Usually, when building a custom report, you are only interested in seeing a small portion of the records in a table. For example, when creating an open work order report, you don't want to see closed work orders on your report. Filtering is the concept of allowing or disallowing certain records to be viewed. To filter, you specify what data must be contained in a field to allow the record into the query. The records that meet the filter conditions will be brought into the query (added to the smaller table). There are two ways to build a filter:
1. Simple Filter
Conditions determine the way in which filters interact with each other and the report as a whole. In order to create a simple filter it is important to understand the difference between the “AND” and the “OR” operators. These two operators are used to configure the CMMS Custom Filters:
- The “And” operator indicates that all specified conditions must be met.
- The “Or” operator indicates that any specified conditions can be met.
Note: Both the “AND” and “OR” operators cannot be used in the same simple filter. If you want to use AND and OR, you must use a complex filter.
To summarize, the “And” operator is restrictive and the “Or” operator is flexible.
1. To add a filter, click the add filter icon:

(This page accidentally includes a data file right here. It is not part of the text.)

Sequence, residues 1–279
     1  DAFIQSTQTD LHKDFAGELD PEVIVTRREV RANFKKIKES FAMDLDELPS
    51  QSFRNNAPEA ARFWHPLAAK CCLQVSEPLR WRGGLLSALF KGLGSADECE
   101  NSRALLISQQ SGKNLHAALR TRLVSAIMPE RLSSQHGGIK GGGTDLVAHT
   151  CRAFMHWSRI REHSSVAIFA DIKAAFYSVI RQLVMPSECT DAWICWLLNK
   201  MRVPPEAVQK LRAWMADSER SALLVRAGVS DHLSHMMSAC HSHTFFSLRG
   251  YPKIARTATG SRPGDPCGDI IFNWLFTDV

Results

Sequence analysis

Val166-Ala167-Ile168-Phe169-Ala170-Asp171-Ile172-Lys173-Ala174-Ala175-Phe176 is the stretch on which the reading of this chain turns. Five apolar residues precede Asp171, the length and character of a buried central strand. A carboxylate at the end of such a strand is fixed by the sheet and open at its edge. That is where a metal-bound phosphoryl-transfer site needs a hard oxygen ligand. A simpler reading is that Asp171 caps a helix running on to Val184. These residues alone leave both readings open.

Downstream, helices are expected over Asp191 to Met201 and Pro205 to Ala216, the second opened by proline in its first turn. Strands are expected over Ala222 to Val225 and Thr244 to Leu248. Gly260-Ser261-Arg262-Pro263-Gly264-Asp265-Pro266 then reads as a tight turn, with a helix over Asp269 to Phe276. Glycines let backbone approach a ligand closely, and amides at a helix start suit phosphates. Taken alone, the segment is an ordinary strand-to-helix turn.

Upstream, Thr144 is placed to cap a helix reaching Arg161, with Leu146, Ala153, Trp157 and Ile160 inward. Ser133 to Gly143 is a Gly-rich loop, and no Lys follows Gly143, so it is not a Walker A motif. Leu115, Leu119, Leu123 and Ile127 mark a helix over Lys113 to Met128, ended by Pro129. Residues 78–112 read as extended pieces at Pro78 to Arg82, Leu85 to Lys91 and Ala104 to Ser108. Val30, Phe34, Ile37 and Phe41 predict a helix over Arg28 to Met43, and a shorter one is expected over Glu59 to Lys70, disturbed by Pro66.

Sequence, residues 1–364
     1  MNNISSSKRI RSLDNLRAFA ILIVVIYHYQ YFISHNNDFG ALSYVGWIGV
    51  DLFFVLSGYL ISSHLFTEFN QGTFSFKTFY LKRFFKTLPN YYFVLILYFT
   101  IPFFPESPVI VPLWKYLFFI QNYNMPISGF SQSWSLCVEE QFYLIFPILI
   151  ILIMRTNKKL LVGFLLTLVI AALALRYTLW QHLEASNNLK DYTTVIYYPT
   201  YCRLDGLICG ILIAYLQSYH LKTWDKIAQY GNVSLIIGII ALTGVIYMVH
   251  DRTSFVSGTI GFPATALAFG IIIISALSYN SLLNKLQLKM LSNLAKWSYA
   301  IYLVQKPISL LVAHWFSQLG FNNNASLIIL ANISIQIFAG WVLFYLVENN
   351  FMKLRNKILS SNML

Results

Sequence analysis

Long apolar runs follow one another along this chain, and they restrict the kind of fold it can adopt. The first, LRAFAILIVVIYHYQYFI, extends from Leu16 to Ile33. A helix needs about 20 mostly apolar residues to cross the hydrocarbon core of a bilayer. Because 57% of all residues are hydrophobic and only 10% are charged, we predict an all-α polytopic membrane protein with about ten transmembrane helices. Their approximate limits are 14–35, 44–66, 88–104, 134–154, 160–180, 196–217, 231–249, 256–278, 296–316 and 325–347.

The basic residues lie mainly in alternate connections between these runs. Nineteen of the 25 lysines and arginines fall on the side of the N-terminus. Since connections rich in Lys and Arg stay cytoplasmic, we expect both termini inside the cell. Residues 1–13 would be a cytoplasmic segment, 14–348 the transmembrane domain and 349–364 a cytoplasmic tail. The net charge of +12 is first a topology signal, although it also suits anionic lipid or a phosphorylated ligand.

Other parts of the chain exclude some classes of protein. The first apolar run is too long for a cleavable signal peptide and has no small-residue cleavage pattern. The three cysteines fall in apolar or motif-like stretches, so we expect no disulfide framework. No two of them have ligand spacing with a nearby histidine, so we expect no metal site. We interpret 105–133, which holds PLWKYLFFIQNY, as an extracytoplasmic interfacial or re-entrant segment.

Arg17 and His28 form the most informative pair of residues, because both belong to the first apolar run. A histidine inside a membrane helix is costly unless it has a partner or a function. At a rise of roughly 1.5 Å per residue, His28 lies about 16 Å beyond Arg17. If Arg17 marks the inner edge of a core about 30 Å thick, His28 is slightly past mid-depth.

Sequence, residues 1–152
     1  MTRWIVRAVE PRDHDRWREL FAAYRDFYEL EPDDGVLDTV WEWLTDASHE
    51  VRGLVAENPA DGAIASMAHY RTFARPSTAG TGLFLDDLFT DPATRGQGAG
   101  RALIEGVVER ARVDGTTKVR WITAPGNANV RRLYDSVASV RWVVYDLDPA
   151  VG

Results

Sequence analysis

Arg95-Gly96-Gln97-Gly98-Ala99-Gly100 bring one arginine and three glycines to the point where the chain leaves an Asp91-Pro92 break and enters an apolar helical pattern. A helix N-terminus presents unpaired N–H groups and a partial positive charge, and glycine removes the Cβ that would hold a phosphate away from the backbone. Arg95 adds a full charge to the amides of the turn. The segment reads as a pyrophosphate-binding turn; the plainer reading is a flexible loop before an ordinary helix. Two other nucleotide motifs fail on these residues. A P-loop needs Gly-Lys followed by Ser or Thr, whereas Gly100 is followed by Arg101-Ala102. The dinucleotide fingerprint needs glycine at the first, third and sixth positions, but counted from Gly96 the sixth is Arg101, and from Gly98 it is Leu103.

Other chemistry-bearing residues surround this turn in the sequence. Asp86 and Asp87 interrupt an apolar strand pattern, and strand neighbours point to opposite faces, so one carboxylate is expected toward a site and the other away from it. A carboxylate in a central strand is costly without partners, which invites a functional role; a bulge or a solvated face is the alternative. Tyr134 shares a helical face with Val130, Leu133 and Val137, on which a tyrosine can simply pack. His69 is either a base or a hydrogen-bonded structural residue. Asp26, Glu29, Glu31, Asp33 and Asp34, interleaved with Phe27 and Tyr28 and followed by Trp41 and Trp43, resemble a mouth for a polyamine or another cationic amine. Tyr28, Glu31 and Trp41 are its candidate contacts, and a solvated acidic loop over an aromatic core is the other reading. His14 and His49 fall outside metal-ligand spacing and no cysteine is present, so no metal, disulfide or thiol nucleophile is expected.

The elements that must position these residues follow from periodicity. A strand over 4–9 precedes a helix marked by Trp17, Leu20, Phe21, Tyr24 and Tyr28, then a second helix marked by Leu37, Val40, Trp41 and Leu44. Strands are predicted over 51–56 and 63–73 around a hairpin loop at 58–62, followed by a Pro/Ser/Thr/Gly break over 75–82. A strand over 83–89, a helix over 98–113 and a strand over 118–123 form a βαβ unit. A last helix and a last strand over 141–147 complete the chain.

2. For example, if we want to create a work order report that only shows open work orders, we need to create the following filter:
3. If you want to refine the data further, you can add more filters as needed. In this example, the report is looking for open, corrective work orders of high, or highest priority:
2. Complex Filters
1. Before we look at complex filters, please note that you cannot have both simple and complex filtering. It must be one or the other. Complex filtering is where any MySQL experience comes in handy. You can use some of the built in functions such as:
- SUM() - Will add the values in that group together (if numeric)
- AVG() - Will calculate an average of the grouped values (if numeric)
- MIN() - Will return the lowest value in alpha-numeric order
- MAX() - Will return the highest value in alpha-numeric order
- COUNT() - Will return the number of records that are grouped in that row
For additional functionality, you can open the expression editor and use your own MySQL code to filter the data as needed. For example, lets say we only want to see overdue work orders in a report. We need to create a filter that only shows work orders where the difference in days between the suggested completion date of the work order, and the present time, is greater than zero. The code looks like this:
timestampdiff (day, C[Work Order 1 - Suggested Completion Date] , now() ) > 0
2. Let's combine this complex filter with the simple filter from above. Combining them will show overdue open corrective work orders of the high or highest priority.
Note: The maintenance type and priority tables have already been joined to the work order table, so we can see those tables in our Advanced Filter window:
3. All tables joined in the report are listed under the Pick a table section. These can be selected to pull variables from the Click to paste column section:
4. Create the advanced filter for overdue open corrective work orders of the high or highest priority as follows:
Note:- In this case we have used the LIKE operator so the query will find the word "High" in both high and highest.